© Denzil Green
Citrus fruit such as oranges, lemons and grapefruits have rinds around the outside. The rind actually consists of two layers. The layer that we see, the colourful skin, is called the zest. It has lots of flavour. Just below that is a white layer, called the pith. It has lots of flavour, too: just not any kind of flavour you would like in your mouth, as it is quite bitter.
The zest is worth the trouble to get to use in cooking, as it has richly flavoured and scented oils that are great in food — not to mention drinks.
Zest is also used as a verb, meaning to get the zest off in small pieces. You almost never use zest in large chunks. Either you chop it into very small bits for baking or sauces, or slice it into thin strips. If a recipe calls for peel, it generally means you can leave a bit more of the white pith on, and make the pieces somewhat bigger and thicker.
There are several different ways of getting the zest.
The first is that you can rub the fruit up and down the side of a grater. Just be careful to not dig into the white bit. If you are, rotate the fruit and start on a new patch. If the zest is going into baking, then you can use the small hole side of the grater. If you’re trying to make zest strips for decoration or for drinks, it’s a bit tougher with a grater — you can try the slicing side, but you may just get quite short strips.
In the second method you use what is called a “zester.” A zester is a hand-held metal implement designed to get just the thin layer of zest off. With practice, you can also use a very thin-bladed paring knife. Don’t use vegetable peelers, as their blades are too thick and you will end up with wedges of white pith instead of waif-like strands of peel.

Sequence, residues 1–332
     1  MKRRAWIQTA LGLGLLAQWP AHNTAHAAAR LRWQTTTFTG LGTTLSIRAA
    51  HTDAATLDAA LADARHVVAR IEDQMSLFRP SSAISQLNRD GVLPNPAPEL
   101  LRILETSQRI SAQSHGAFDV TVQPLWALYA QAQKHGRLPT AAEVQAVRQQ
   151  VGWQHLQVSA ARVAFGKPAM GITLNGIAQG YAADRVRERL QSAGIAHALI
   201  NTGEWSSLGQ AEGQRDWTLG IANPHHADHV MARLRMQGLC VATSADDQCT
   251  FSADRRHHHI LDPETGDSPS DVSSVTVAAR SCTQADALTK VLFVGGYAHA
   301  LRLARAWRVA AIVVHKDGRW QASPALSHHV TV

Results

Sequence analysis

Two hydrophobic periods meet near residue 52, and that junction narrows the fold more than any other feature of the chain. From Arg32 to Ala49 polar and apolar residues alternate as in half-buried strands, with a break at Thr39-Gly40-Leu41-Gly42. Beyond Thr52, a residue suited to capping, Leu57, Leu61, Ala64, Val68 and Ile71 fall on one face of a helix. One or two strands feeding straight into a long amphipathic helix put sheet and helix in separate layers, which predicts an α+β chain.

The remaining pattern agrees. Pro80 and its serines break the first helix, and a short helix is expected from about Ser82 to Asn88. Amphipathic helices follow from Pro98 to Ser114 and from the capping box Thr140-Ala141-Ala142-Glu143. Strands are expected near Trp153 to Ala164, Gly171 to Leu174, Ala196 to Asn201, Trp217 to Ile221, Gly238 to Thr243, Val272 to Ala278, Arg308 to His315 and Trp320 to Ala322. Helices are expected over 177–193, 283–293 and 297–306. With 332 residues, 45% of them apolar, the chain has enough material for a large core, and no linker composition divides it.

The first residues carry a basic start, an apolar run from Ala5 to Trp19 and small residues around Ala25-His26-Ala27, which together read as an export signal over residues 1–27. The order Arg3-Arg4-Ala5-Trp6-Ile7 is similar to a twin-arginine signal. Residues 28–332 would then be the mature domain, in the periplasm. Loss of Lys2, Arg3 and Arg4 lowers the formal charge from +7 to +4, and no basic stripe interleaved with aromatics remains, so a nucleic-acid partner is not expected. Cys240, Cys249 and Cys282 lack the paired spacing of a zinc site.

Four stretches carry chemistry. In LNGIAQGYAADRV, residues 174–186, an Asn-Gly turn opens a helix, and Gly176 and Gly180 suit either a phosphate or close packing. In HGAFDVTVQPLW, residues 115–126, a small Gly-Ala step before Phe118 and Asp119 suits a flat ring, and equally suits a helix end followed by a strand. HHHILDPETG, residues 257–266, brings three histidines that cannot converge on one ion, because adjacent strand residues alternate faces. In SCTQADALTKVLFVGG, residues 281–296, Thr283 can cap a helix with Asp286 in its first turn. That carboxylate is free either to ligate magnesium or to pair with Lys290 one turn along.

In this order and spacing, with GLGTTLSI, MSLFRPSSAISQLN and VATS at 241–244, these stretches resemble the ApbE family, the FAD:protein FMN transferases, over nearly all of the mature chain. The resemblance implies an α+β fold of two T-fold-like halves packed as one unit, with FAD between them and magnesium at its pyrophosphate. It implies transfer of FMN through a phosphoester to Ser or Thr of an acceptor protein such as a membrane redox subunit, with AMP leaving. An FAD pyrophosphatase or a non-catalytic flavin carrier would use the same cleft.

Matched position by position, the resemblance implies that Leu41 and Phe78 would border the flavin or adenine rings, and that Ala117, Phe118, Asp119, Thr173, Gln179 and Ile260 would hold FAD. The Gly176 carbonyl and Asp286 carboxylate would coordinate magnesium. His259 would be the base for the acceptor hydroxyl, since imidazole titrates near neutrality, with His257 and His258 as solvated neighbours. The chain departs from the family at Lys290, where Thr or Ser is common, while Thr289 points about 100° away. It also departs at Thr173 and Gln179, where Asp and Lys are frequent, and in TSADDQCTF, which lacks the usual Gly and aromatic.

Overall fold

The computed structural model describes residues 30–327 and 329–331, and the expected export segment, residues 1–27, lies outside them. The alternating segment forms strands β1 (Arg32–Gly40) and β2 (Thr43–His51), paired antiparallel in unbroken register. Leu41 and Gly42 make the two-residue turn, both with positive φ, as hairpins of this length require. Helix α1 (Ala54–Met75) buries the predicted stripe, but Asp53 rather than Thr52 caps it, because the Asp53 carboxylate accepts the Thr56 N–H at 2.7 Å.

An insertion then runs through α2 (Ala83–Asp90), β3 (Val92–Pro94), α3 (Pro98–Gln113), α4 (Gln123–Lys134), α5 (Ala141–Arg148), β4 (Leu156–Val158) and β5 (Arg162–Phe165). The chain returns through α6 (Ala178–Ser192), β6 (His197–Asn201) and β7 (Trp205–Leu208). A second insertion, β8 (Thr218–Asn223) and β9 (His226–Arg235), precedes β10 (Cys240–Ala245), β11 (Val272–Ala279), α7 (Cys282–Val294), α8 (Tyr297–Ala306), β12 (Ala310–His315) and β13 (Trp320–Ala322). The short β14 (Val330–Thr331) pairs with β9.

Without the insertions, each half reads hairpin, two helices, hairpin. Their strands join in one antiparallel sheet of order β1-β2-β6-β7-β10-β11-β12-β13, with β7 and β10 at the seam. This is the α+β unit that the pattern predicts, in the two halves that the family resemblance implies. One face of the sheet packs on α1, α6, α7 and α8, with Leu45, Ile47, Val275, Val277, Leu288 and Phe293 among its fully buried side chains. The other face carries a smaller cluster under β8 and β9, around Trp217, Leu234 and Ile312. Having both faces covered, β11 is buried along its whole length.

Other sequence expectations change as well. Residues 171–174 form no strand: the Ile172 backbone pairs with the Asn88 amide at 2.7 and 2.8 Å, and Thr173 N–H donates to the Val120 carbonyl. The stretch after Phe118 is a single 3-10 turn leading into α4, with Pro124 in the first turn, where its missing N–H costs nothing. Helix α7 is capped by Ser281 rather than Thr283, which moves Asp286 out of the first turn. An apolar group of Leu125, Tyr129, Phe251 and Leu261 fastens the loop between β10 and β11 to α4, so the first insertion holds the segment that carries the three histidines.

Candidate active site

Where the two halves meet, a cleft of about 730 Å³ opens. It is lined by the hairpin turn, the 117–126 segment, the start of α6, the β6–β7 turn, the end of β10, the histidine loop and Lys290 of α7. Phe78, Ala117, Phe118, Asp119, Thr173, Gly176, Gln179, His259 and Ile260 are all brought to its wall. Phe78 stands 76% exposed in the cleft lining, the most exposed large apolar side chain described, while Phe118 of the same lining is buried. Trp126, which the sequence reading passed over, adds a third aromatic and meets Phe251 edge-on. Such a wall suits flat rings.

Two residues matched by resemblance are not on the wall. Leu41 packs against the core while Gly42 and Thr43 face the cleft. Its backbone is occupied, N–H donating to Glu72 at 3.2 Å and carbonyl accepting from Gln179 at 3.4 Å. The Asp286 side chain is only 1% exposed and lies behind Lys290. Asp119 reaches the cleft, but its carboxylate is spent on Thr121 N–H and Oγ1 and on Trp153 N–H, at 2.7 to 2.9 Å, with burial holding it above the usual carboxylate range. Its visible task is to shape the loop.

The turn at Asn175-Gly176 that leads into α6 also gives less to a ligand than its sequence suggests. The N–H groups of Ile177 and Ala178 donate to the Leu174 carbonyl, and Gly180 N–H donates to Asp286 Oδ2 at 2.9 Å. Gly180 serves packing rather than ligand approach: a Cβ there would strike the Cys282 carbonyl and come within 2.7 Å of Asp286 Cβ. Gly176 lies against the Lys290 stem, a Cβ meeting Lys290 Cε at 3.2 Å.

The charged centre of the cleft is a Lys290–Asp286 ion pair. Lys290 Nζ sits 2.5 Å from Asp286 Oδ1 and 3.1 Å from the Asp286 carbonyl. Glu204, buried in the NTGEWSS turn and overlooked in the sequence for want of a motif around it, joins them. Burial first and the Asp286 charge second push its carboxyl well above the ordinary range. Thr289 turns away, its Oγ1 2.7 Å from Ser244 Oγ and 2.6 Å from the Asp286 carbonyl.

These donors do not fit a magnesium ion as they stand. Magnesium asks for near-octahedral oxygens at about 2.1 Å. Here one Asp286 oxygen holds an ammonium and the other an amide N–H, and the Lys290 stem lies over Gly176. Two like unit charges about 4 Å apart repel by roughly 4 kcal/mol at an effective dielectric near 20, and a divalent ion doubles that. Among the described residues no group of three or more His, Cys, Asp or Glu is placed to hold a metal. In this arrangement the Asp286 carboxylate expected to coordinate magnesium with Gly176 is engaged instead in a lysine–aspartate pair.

Lemons and oranges with the thickest skins, usually indicated by a bumpy or rough surface, will give you the most zest. Always zest a citrus fruit before cutting or juicing it.
It’s a good idea to scrub the zest of the skin with a brush, or if you don’t have a brush, give it vigorous rubs under running water to ensure that all contamination is removed. The fruit in North America may have a thin waxy coating; washing it will get rid of that, too.
1 key lime, zested = ½ tablespoon lime zest
There are two ways to store lemon zest, drying and freezing. It will be good for cooking after either method, but not for using fresh (e.g. garnishing a cake or plopping in a fancy drink.)
To dry it, preheat oven to 150 F (65 C). Spread your lemon zest on waxed paper on a cookie sheet; place in oven for 1 hour, with the door slightly open. Turn the tray occasionally to stop one area from drying more than another. Remove from oven, let cool, and place in sealed container. To use, rehydrate in lukewarm water for about 20 minutes.
To freeze it, just put into a freezer bag and freeze for up to a year.
Fancier names for the pith are “white albedo” or “mesocarp”.